Why memory expansion ability (what the iPhone doesn't have) matters

Yesterday, after writing about the memory expansion capability in Helio's revolutionary Ocean phone (and iPhone competitor), at least one of ZDNet's readers was quick to quick to spank me for making a big deal out an ability that at best (today) match the lesser expensive iPhone's built-in 4GB of storage.  The reader notes that the Helio Ocean only has 200 megs of memory built.

Yesterday, after writing about the memory expansion capability in Helio's revolutionary Ocean phone (and iPhone competitor), at least one of ZDNet's readers was quick to quick to spank me for making a big deal out an ability that at best (today) match the lesser expensive iPhone's built-in 4GB of storage.  The reader notes that the Helio Ocean only has 200 megs of memory built. Similarly, another phone that is often discussed as an iPhone alternative -- Nokia's N95 -- comes with a paltry 160 megs of memory built in.

Like Helio's Ocean, the N95 has a microSD slot for memory expansion. But,  relative to the iPhone, memory expansion capabilities in smartphones are of little consolation if the phone's starting point memory-wise is measure in megabytes and not gigabytes.  Both phones may offer microSD expansion. But even with those expansion capabilities and even if they support the high capacity version of microSD (microSDHC, which the N95 apparently supports, but I'm not sure about the Ocean), phones with a low starting point for storage can at best end up on par with the $499 4GB iPhone since the largest capacity microSDHC card (I can't seem to find one to buy) is currently 4GB.

Notwithstanding how microSDHC support will (hopefully) one day make a device expandable to 32GB,  is that all there is to removable storage? Is it just a capacity issue?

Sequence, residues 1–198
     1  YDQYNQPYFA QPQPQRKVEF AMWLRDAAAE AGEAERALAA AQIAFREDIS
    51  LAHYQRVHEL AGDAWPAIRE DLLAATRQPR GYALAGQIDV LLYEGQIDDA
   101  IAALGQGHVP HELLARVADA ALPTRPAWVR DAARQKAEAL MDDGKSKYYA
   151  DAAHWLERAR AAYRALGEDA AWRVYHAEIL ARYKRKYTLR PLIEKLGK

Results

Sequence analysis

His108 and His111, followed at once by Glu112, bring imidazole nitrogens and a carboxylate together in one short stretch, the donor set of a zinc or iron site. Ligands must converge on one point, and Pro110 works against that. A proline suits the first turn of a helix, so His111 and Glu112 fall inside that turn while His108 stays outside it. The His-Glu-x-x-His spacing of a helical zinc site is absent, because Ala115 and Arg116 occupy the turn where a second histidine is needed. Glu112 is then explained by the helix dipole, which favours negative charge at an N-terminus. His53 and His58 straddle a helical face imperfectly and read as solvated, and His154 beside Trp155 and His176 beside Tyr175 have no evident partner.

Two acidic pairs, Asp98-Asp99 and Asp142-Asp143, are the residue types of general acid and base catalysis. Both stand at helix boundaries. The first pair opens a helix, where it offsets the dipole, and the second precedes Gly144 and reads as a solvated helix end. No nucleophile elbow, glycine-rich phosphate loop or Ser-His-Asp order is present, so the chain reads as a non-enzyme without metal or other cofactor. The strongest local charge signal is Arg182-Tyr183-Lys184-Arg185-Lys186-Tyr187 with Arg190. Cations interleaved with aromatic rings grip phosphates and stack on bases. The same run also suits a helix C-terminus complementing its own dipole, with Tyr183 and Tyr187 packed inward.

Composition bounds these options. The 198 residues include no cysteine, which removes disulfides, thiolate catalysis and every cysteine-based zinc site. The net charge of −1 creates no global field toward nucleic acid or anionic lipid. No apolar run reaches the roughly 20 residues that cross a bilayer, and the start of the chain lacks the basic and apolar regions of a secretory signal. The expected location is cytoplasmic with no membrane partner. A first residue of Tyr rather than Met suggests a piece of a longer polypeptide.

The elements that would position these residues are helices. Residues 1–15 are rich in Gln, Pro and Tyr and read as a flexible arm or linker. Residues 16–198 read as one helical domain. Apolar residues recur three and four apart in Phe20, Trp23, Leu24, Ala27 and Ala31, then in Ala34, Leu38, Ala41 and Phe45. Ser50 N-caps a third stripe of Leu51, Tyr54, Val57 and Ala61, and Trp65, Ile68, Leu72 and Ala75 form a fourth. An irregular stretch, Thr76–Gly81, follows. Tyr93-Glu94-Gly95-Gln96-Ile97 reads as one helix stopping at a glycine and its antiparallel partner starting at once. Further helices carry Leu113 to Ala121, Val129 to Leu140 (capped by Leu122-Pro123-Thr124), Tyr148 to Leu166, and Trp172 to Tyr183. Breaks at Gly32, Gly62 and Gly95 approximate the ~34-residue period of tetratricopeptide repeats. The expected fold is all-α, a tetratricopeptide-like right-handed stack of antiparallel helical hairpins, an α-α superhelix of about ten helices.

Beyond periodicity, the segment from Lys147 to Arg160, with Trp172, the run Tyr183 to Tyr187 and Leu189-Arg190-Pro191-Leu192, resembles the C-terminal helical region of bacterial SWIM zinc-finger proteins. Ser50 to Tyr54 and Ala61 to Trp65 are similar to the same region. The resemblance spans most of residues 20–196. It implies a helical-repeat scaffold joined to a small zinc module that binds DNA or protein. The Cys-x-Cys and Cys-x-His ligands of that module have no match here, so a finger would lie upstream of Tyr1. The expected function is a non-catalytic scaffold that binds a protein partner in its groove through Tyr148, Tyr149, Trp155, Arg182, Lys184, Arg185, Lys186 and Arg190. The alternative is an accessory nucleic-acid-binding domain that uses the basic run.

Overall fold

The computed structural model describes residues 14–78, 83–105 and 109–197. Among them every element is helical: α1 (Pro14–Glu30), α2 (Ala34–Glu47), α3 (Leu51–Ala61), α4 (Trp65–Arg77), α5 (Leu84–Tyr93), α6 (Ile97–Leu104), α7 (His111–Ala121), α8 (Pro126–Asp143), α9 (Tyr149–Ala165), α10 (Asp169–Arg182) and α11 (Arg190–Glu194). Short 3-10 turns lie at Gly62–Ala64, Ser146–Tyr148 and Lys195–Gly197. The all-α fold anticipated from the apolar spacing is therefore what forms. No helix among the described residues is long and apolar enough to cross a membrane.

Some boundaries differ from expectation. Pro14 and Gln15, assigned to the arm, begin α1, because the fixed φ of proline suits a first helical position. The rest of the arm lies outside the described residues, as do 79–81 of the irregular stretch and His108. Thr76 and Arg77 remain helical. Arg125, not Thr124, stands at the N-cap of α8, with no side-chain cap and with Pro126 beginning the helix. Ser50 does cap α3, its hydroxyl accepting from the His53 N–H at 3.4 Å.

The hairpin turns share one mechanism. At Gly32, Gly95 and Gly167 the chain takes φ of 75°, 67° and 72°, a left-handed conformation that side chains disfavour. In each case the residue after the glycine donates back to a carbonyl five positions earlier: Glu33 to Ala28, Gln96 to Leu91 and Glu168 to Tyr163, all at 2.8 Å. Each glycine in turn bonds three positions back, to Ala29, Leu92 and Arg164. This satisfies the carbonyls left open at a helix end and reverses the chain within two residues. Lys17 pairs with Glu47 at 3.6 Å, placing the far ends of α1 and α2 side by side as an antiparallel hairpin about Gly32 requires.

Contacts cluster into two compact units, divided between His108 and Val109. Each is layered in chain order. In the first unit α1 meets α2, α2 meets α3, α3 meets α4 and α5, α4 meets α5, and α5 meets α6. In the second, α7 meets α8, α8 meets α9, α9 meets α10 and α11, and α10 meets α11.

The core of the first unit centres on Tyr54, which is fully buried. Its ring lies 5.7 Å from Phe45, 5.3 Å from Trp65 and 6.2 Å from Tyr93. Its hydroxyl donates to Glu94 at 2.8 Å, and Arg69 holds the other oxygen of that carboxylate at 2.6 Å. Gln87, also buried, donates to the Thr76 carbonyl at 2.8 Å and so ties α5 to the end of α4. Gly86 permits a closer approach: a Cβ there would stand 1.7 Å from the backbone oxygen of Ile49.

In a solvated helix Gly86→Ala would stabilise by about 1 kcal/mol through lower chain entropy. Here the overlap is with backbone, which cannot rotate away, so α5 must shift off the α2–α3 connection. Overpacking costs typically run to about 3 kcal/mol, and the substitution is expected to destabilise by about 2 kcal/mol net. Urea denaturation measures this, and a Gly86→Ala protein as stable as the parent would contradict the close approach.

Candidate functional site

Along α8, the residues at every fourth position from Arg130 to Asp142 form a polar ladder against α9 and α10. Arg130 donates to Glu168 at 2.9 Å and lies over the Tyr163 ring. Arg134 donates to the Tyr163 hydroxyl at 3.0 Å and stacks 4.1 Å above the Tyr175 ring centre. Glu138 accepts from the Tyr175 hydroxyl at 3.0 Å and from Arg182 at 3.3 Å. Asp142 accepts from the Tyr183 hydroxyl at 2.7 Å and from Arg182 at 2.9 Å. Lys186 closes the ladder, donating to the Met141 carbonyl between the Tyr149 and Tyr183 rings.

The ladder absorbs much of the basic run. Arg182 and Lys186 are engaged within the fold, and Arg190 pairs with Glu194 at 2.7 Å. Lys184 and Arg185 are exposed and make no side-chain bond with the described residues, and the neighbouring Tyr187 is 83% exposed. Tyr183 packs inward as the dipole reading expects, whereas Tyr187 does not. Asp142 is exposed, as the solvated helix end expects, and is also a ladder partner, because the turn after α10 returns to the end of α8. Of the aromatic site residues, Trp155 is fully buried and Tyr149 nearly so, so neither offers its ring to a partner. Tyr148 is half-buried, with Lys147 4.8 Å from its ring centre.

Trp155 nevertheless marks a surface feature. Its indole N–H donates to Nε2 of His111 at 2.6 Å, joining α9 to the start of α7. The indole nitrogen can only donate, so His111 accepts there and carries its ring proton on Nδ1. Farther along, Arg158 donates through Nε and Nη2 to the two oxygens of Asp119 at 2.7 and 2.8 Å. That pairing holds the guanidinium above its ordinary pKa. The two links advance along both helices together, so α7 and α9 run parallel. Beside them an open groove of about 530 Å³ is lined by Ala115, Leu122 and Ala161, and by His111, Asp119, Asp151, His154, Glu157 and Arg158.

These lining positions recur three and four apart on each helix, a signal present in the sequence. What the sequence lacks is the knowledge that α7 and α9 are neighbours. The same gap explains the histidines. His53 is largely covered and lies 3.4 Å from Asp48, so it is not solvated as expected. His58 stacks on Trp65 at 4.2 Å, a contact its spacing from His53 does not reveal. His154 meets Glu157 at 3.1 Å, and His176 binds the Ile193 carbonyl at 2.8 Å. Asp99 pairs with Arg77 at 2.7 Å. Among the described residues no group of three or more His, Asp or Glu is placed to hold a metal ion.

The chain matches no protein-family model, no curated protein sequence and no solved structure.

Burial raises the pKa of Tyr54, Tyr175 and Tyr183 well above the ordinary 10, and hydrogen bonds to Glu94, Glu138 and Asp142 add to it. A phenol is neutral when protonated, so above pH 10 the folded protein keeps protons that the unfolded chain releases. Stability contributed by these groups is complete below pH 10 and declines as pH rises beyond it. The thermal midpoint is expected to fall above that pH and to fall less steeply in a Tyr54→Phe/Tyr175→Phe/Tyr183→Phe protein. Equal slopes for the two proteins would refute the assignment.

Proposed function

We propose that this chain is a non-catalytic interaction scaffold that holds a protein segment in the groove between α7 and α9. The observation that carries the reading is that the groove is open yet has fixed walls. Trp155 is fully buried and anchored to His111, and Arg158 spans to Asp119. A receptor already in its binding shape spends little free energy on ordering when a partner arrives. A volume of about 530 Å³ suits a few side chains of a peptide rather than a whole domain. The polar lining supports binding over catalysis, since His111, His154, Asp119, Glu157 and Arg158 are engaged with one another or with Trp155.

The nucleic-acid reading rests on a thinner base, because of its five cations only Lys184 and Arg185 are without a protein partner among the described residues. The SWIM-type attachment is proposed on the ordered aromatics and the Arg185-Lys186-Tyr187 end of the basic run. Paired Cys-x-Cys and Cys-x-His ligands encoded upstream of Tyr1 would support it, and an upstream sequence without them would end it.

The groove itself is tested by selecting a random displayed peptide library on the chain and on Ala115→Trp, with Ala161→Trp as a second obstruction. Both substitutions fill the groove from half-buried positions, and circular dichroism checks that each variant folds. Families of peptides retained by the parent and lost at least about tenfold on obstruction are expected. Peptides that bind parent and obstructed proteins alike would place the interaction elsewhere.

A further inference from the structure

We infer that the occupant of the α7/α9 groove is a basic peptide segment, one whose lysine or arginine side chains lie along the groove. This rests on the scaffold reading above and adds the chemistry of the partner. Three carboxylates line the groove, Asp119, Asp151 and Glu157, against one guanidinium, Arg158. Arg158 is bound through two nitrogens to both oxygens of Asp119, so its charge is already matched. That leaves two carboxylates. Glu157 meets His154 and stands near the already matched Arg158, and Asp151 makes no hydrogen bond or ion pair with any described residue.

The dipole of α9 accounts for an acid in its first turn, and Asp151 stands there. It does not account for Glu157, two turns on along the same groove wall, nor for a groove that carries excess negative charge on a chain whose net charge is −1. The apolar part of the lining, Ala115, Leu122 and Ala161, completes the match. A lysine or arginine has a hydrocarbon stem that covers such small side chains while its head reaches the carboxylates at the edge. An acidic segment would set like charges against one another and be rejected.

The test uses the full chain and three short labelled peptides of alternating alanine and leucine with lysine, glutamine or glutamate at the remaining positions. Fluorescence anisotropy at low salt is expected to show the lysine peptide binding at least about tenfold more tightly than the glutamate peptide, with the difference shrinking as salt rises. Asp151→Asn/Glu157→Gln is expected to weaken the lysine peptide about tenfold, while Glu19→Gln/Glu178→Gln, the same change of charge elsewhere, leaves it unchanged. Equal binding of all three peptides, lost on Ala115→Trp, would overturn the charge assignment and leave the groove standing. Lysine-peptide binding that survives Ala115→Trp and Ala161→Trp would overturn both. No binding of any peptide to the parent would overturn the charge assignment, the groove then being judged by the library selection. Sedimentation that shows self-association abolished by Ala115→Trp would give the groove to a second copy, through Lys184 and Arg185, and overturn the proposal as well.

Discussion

There are other important benefits to removable storage. For example, if you have a collection of content that can't fit into a 4 or 8GB device, you can spread that collection across multiple storage cards (particularly handy if storage-intensive video is involved). Or, let's say you want to keep music on one card, video on another, and still images on a third.

More importantly, given how so many phones are also cameras (particularly the N95 with its memory intensive 5MP camera), being able to drop an empty memory card into the microSD card slot can come in really handy if there are pictures you want to take, but the existing storage in the phone is fully consumed by other content.  As many digital camera owners know, the last decision you want to be making when there's that one picture that you want to take is what other picture needs to be deleted in order to make room for the new one.  Have I uploaded all my pictures to my PC already? I don't know.  As I page through the pictures looking for some hi-res photo that has outlived it's usefulness, will the picture perfect moment sour on me?

OK, so maybe now you get the picture.  Or not.

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